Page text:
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Ideally I'm for it. If two, equally qualified candidates apply for a position and one of them is from a disenfranchised segment of society, yeah, sure. The better off one should be better, right, and if he's not maybe that's a sign the other guy put in more work.

If you're perverting affirmative action into some organizational mandate for diversity though you can go fuck right off.

This is all my uneducated opinion though.
 

EviLore

Expansive Ellipses
Staff Member
May 30, 2004
25,624
41,404
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There is institutional racism ... It's embedded in this:

The richest people in this country are white. They are friends with each other. They hobnob with each other. They employ each other and each other's family and friends. From CEOs to VPs to managers and supervisors. They help each other and kind of close ranks. They don't normally see people who look like ... Say... Idris Elba working in their fields or as their employees because they UNCONSCIOUSLY hire those that look like them. So when "affirmative action" comes along, they don't like it and hate being forced to take "the dregs". It might explain why there were no black NFL coaches until RELATIVELY recently.

But then you have people like my bosses... White men in GA who hire anyone willing to work hard as long as they also are team players. My coworkers are mostly latino and black (and some Afro Latinas).

What I'm saying is, it's a mixed bag. You'll find situations like the NFL as far as the head coaches and presidents and such... And you'll find situations like at my job (which isn't white collar).

The solution? Like Evilore said... A true blind hiring process. No take backs once they see you're non-white or non-black or non-whatever. Because I know that has happened many times according to non-white friends and family.

Until then... We're just going to keep flailing our arms in the ocean until we can swim like a school.
These are the richest people in the United States:





Mostly tech nerds. Tech nerds are very far from mustachio-twirling robber baron racists scoffing at the idea of black people in the good ol' boys country club, and companies like Amazon, Microsoft, Facebook, and Google are among the most committed to diversity hiring.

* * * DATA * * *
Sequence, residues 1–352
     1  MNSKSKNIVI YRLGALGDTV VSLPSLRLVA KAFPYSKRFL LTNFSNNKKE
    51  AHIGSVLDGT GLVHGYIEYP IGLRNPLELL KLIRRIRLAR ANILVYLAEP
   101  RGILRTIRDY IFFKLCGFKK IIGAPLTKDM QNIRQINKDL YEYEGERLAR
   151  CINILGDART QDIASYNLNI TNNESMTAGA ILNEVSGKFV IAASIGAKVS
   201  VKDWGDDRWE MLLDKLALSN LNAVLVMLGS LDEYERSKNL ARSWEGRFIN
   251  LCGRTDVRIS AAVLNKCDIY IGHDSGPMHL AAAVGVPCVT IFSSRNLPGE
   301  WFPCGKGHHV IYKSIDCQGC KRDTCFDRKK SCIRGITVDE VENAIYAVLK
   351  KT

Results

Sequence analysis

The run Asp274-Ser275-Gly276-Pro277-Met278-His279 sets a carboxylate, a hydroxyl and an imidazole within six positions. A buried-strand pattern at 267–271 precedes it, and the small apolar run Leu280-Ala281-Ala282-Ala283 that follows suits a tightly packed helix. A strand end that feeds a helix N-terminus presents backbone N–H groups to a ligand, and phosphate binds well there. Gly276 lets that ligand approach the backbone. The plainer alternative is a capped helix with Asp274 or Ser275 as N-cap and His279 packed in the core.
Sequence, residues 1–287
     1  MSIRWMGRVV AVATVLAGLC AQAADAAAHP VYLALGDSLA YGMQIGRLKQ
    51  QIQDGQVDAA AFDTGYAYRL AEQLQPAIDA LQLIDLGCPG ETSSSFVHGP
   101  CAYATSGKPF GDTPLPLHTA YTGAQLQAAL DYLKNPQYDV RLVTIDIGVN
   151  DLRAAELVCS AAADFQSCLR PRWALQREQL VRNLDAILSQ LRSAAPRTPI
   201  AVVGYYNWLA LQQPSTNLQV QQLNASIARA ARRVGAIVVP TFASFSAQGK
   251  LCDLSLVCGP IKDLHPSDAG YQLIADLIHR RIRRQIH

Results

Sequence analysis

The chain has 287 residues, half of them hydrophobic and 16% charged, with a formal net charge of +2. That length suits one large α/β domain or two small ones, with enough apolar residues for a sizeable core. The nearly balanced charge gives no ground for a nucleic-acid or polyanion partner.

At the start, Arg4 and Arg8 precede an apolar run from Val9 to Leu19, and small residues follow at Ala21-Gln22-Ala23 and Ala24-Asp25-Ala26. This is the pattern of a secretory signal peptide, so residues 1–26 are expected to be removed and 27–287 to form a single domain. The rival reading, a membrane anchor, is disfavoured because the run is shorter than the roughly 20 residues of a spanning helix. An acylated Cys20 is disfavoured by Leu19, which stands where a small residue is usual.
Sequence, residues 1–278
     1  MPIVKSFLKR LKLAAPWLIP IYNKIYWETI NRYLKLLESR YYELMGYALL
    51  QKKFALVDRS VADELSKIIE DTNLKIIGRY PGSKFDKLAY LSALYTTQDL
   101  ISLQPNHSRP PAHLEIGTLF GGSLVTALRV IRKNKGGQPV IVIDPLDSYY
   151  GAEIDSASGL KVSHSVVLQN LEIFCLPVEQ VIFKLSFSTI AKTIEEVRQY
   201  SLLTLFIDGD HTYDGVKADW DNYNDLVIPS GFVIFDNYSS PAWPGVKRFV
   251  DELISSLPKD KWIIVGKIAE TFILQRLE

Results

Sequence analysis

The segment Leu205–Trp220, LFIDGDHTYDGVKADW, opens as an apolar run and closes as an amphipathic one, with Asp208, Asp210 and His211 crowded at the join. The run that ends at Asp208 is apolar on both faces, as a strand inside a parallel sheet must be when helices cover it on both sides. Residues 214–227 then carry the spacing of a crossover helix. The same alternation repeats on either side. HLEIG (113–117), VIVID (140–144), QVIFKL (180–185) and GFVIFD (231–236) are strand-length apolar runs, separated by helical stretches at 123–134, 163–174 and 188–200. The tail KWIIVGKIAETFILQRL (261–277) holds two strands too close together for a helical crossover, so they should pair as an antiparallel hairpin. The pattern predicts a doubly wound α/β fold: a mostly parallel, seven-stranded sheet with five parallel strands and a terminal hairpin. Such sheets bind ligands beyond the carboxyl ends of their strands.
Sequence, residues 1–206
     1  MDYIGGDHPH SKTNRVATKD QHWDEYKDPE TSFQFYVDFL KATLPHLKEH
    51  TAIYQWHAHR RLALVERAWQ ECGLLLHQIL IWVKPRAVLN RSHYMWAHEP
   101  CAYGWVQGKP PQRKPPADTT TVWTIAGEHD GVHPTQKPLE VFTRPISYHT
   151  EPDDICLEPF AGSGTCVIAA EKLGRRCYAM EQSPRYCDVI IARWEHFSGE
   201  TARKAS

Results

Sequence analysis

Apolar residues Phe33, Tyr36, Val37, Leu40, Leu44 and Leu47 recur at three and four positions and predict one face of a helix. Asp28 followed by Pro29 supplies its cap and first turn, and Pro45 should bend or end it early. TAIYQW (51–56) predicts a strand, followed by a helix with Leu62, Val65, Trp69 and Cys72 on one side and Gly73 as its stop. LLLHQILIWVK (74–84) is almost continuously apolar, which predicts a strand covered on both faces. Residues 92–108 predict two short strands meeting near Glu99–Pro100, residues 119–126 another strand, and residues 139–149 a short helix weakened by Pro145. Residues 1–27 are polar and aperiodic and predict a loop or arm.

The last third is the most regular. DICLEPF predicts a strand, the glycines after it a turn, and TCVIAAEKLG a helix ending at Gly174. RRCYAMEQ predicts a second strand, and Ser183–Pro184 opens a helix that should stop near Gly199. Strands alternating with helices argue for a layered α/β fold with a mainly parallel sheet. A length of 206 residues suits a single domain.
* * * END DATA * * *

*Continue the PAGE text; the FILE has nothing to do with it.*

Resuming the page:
Alx

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Jan 22, 2007
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Positive discrimination is wrong, and I don't think it really helps solving the problem. The fact that the wealth distribution isn't representative of the population is an anomaly, but it is also an indicator of the issues with the current system. You won't fix those issues by forcing the indicator to the right value, just like you won't prevent your engine from overheating by forcing the gauge needle in the green.
To help balance things out, you need to provide support to people who need it (free education, scholarships, financial support), and keep watching your untouched indicators until they move in the right direction by themselves.
 
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TriSuit666

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Jul 2, 2018
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Tokenism and a form of internalised racism. Allow people to shine on their talent and character, not the colour of their skin.

Also, cut the nonsense that only one race practised or suffered from slavery.
 
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Super Mario

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Nov 12, 2016
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content of melanin and/or estrogen is all that matters
FTFY

Anyone with half a brain knows this is just more Liberal pandering. If you really wanted to help people, you could create some better education or training programs or incentives for it. The problem with that, is most people just won't put the effort in. They just want the reward, and meeting those quotas is the only real goal

It's all noble when you yourself are one of the rich, spoiled, white people that this seems to "balance". Just as long as it doesn't personally affect you. It's a great day in the age of discrimination where I go for a job, more qualified, more experience, much better interview, but a halfway decent woman showed up, and "we need more women". It has happened before.